Omar's email informed the American public that the US military had failed to achieve its objectives after nearly nine years. "You should know that your rulers have continuously told you lies since the beginning of the aggression on Afghanistan until this very day. They have wasted hundreds of billion of dollars of your tax money in the shape of financial expenditures and your manpower in Afghanistan and have still been wasting them. Therefore, they should abandon their headlong stubborn policy. Otherwise, the Americans will themselves face humiliation and disgrace before any one else does that."

Comment: Omar makes no promises for which he can be held accountable, which is typical of the coward. He only promises to try to do better than the last time he governed. It remains unclear why he deserves a second chance because most of the men who served him in 2001 - some of whom were genuinely able Afghan leaders -- have long since been killed, while he and his cohorts thrived in Pakistan.

Iraq-Iran: The Iranian ambassador to Iraq said today, 8 September, that Iran will work with an Iraqi government formed from any political bloc. Ambassador Danayeefar said his country considers infighting over who will become Iraq's next prime minister to be an internal affair to be determined by Iraqi political parties but that, as neighbors, Iraq and Iran should work with one another.

Comment: The messages behind the statement are two, at least. The first message is an assurance that Iran is not orchestrating Iraqi Arab politics. The second message is that Iran considers the outcome of the Iraqi elections win-win for Iran, no matter who becomes prime minister and forms a new government. The implication is that Iran is pleased that all contenders for the position of prime minister are Iraqi Arab Shiites and, most likely, on the Iranian payroll in some fashion or another.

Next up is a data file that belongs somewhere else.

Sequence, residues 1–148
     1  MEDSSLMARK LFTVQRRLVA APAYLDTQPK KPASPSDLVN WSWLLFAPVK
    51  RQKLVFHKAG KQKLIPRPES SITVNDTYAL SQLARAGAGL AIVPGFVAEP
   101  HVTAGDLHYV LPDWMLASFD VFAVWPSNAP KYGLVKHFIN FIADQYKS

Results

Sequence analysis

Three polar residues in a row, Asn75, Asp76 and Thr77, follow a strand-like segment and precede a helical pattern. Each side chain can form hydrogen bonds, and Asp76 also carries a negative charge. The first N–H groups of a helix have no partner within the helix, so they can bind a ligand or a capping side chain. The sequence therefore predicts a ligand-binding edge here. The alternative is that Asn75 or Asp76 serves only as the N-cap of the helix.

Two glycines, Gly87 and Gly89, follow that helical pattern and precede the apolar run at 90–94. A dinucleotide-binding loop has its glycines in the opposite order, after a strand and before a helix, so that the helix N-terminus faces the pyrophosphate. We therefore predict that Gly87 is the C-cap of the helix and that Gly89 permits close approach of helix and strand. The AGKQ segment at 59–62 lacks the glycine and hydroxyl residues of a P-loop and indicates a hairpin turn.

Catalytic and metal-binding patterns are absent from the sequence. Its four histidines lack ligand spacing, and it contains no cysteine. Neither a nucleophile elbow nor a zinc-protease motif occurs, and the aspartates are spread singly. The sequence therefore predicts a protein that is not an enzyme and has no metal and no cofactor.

Mexico: Five unidentified gunmen killed EL Naranjo Mayor Alexander Lopez Garcia in his office in the Mexican state of San Luis Potosi, El Universal reported 8 September. This is the third mayor killed in the past month, as reported by public media. The obvious conclusion is that some interests want to discourage people from running for public office who are not approved by those interests.

NightWatch Special Announcement:

Kforce Government Solutions (KGS) is pleased to announce that it will sponsor the first ever short course entitled "NightWatch Concepts of Analysis" on the afternoon of 29 September at the AFCEA auditorium. The Instructor/Facilitator will be Mr. John F. McCreary, founder of NightWatch.

Please follow the link below to register for the course and to obtain further information about the course, the instructor, the location and the fee schedule.

www.kforcegov.com/Services/IS/NightWatch/IntelligenceAnalysisCourse.aspx

End of NightWatch for 8 September.

NightWatch is brought to you by Kforce Government Solutions, Inc. (KGS), a leader in government problem-solving, Data Confidence® and intelligence. Views and opinions expressed in NightWatch are solely those of the author, and do not necessarily represent those of KGS, its management, or affiliates.